Skadron’s election tactics, Torre’s absence at issue (video)
The Aspen Times
Torre questioned the tactics of Mayor Steve Skadron’s camp Thursday during Squirm Night, when the first-term mayor asked where his opponent has been in the political process for the past two years.
“I don’t have an email in my email account asking questions from you until recently,” Skadron said Thursday in Aspen City Council chambers. “I always felt that there was a competitive component to this or friction. … Where were you for two years?”
Torre, who is making his fifth bid for the mayor’s seat, said he was disappointed in the 2013 campaign, particularly Skadron’s lack of oversight. Torre brought up an anonymous letter that he received during that election season. According to reports, Torre had indirectly offered the possibility of Skadron excusing himself from a runoff election between the two and retaining his council seat. That way, the both of them could move “forward together.” The anonymous writer regarded Torre’s suggestion as “skanky.”
“I felt personal attacks,” Torre said Thursday. “Not only did I have small, cryptic notes written on your mailers by other people in your camp, but I was also sent anonymous, somewhat threatening letters during that campaign. Was it difficult for me to re-engage after really what I thought was a breach of our trust? You’re absolutely right. I was very hurt by some of the tactics that went on in the last campaign.”
Torre then asked Skadron why he didn’t reach out either, extending an “olive branch.”
“Torre, what are the tactics you’re talking about?” Skadron asked. “I don’t know what that is.”
With Aspen Times Editor Lauren Glendenning and Aspen Daily News Editor Curtis Wackerle moderating, the two candidates also fielded questions submitted by the public. One asked how a third-generation Aspenite can make a living and raise a family here.
Skadron said living in Aspen is hard, not only for third-generation residents without money, but “those of us who came to town in an old Jeep without money.” He added there is some personal responsibility to the individual looking to settle in Aspen.
“If you want to be in Aspen, there’s a way to make it,” Skadron said. “That’s what I’ve done, and I’m hopeful those similar to me will find a way, as well.”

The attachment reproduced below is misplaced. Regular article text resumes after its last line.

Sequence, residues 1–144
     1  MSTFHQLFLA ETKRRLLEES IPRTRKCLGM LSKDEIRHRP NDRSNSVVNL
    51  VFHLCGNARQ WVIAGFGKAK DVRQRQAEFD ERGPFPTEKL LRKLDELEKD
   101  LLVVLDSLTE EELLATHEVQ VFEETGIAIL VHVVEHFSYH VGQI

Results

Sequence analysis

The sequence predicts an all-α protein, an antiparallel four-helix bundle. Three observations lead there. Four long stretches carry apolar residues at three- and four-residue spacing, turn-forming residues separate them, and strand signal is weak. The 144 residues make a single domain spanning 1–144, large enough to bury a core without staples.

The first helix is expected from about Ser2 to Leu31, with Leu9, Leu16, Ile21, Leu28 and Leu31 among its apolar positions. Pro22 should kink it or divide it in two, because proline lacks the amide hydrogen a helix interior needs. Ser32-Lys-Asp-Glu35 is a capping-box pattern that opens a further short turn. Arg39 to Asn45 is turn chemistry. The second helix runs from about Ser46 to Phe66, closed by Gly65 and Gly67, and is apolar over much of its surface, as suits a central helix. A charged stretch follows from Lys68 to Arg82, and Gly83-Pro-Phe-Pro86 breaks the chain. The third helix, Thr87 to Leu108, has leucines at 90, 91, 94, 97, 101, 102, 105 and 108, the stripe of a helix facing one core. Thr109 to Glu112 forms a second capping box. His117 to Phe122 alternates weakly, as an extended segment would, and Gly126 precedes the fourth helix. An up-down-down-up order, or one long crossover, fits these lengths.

Skadron said the question suggested that a legacy Aspenite deserves special consideration.
“I think we get to dangerous territory when we start saying, ‘You deserve to be here and you don’t,’” Skadron said.
Torre had a different take on the question.
“I didn’t really hear in the tone of that or the question that they were asking for a special favor or a special position,” Torre said.
The candidates each were asked to grade the performance of the City Manager’s office over the past two years. Skadron gave an A-minus or B-plus, mentioning that the recent parking-meter scandal, which cost the city hundreds of thousands of dollars in revenue, was a black eye for the city. However, he said it’s easy to focus on one problem and forget that the city is in charge of a $141 million business with 15 different operating divisions.
“I think the city manager does a good job of putting the right people in the right place,” Skadron said. “He makes decisions, he delegates and then he does a good job of getting out of the way and empowering those beneath him to deliver responsibilities they’ve taken on.”
Torre gave a C-plus, while saying he doesn’t place all the blame on the City Manager’s Office. He said the issue is communication breakdown, where residents aren’t communicating well with the council and the council isn’t communicating well with staff.
“You have to give someone the tools that equip somebody for success,” Torre said. “Right now, we have not done that.”
When asked who they support in the Aspen City Council race for two open seats, Skadron said it would be inappropriate for a sitting mayor to answer that question, but he’s been impressed with Councilman Adam Frisch’s preparation for City Hall proceedings. Torre said he supports Referendum 1 leader Bert Myrin because of his tireless work on volunteer boards over the years, but remains undecided over his second choice.
Torre was asked about 2012, when as a councilman he introduced an emergency ordinance that would have allowed discussion for capping building heights at 32 feet. The ordinance needed four votes to pass and only drew three, a failure that some say spurred unfavorable development. Torre disputed that it spurred more development had council engaged in a standard 30-day process. Torre also expressed disappointment in failure to gain support from Frisch and former Councilman Derek Johnson.
“I don’t regret it,” Torre said. “I wish the process had worked better. I wish that Adam or Derek would have supported the initiative.”
While Torre’s intentions were good, Skadron said, it was a mistake to initiate an emergency ordinance without having confirmation of four votes prior to the hearing. He also added that Aspen’s Community Development Department and local development community would argue that the action did spur a development boon.
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